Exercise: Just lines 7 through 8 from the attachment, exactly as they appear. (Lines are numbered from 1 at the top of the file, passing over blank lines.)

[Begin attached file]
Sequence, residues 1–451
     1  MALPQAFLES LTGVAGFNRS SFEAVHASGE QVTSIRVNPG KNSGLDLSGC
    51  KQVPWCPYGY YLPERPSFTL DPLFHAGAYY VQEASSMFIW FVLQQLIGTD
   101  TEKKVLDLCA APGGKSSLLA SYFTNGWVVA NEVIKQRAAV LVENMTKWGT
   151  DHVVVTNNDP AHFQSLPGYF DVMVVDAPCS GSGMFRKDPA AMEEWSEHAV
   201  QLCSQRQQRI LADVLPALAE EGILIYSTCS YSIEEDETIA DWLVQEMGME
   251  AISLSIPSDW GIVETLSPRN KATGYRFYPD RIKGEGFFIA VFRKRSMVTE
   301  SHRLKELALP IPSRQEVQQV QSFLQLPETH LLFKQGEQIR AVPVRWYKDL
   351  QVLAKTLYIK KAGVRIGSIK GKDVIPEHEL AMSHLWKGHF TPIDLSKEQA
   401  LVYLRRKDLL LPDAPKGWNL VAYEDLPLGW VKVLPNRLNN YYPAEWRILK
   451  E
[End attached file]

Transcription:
   251  AISLSIPSDW GIVETLSPRN KATGYRFYPD RIKGEGFFIA VFRKRSMVTE
   301  SHRLKELALP IPSRQEVQQV QSFLQLPETH LLFKQGEQIR AVPVRWYKDL